Many Methodists know that John Wesley had an experience in which his "heart was strangely warmed." It was a conversion of sorts, a moment of awareness of the divine.
Not as many Methodists realize that the moment happened in 1738, when he was 35 years old and had been ordained in the Anglican Church already for 13 years. That means his "conversion" happened after he was called into the ministry.
And I suspect that even fewer Methodists know the journal sentence that follows the "strangely warmed" observation. He wrote, "I felt I did trust in Christ, Christ alone for salvation; and an assurance was given me that He had taken away my sins, even mine, and saved me from the law of sin and death."
"Even mine," he says. "Even mine." Those two words. It is as if he has only just now realized that all the stuff he had been saying for all those years ... applied to him as well. How is it possible for a preacher, ordained by the church, not to realize that all the stuff they are saying also applies to them?
I have been a preacher for nineteen years. I was a full-time music director at a church for five years prior to that, a part-time choir director for two years before that. Twenty-six years working for a church. I grew up in church, my family is saturated in church.
How is it that while all of that was happening I have never really been aware of the presence and power of the Holy Spirit?
I mean, I have preached about it. I have pointed it out in other peoples' lives.
But ... even mine?
I feel like I have become more aware of the presence and power of the Holy Spirit in the past two or three months than I ever have before. No let me rephrase that: I feel like I have never been truly aware of the power and presence of the Holy Spirit prior to the past two months, and now I am. In really amazing and wonderful and sometimes confusing ways.
I have seen the Spirit moving in the ministry of the church, in fresh expressions of Christian Community being born, true koinonia as it is meant to be lived. The ways I have seen this are numerous, and abundant. I have seen people returning to church for the first time in years, with hesitancy born from ongoing pain, and being able to spiritually breathe again. I have heard stories from the Shared Streets community, stories of transformation and hopefulness. I have seen the Spirit move in the simple gift of a new pair of shoes, a refurbished bicycle, and a new pillowcase. In the church, I have seen the Spirit move.
One of the ways most obvious to me is the way I feel about my wife and children. My love for them has been renewed in these past few months in a powerful and tangible way. My wife Erin said to me recently, "You are happier than you've been in years." And she is right. I've loved her fiercely for almost thirty years, and in these past few months that love has deepened even more. How is that possible if not for the work of the Spirit? And my heart aches with pride for each of my uniquely gifted children, for each of whom I would gladly lay down my own life. In my family, I have seen the Spirit move.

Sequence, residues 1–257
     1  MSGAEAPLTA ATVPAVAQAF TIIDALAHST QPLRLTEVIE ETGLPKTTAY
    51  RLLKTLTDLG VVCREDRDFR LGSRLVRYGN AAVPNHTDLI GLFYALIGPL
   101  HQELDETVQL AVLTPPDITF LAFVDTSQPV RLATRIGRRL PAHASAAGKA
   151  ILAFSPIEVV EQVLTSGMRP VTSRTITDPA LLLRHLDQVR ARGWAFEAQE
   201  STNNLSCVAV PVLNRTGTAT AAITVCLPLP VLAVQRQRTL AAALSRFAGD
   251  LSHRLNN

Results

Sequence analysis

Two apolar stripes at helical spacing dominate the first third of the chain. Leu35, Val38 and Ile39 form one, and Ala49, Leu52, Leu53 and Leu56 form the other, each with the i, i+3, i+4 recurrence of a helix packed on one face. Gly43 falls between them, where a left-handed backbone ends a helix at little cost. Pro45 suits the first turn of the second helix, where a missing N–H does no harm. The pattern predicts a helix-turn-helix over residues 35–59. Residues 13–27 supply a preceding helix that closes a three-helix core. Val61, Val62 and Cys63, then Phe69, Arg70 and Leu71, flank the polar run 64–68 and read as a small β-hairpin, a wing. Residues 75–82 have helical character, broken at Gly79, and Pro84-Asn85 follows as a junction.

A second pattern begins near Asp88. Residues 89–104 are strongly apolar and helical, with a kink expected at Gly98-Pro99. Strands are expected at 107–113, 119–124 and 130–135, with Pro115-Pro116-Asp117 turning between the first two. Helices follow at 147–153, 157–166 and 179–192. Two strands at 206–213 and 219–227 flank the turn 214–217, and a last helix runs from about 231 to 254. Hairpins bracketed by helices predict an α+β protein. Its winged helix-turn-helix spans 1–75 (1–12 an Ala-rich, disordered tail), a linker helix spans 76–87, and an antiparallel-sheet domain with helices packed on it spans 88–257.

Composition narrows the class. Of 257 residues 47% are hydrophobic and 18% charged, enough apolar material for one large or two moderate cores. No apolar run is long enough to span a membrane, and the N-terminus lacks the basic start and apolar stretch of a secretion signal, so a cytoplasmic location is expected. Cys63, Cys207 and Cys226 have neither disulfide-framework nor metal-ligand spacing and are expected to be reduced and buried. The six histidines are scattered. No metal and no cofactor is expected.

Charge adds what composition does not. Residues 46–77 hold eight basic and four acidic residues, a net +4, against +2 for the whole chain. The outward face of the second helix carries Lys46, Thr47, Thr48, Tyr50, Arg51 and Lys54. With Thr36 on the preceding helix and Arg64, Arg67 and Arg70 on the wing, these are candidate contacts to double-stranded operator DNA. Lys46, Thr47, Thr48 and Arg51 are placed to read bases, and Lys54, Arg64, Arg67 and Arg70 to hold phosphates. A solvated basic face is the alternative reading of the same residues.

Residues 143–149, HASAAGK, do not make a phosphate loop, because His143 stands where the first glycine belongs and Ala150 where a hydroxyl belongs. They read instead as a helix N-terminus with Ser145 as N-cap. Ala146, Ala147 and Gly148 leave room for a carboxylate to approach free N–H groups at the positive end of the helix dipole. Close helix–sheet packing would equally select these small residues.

John Wesley had a group of Moravians show up in his life in the season of his conversion. Their unwavering faith in the midst of storm and struggle inspired him and was an impetus to his own time of soul searching. In a way, I have my own "Moravians" all around me. In this season, I have met and become friends with people whose connection with the Holy Spirit is so deep, so intimate, and so profound. I long to be as connected with the Spirit as they are, and I feel a unique grace in their companionship. In my new friends, I have seen the Spirit move.
And finally, within myself ... I cannot even begin to describe the change I have felt within my own spirit. Yeah, even mine. And please understand, the way I feel does not invalidate any prior experiences I've had. This present moment is emerging from all that has been. It's just that in the past, I have been quick to affirm those "God moments" that others would tell me about in their own lives, and just as quick to minimize them in my own, to chalk them up to coincidence or just ignore them altogether.
But now, I don't know ... my spiritual senses are awake in a way they haven't been before. I smile more. I walk more lightly. I breathe easier. I see people and am overwhelmed immediately with love for them. I notice beauty. I cry a lot. I laugh a lot. I don't really know this person I'm becoming, but I kinda like him. He's familiar to me, like a version of myself that I may have been once in a different time. In my self, I have seen the Spirit move.
So yeah, I feel like I do see God present everywhere in the world, and sense the Spirit is at work in my life, even mine, saving me from my own spiritual lethargy, connecting me deeply to other people, inspiring me with a renewed sense of vocation, and beckoning from a hope-filled future.
(And yes, I realize this post is utterly self-centered, and I'm sorry for that. I process things by writing, so this is really me processing some of the stuff happening to me right now. Thanks for reading.)
Let It Go, Sermon for Christmas Eve 2020
5 weeks ago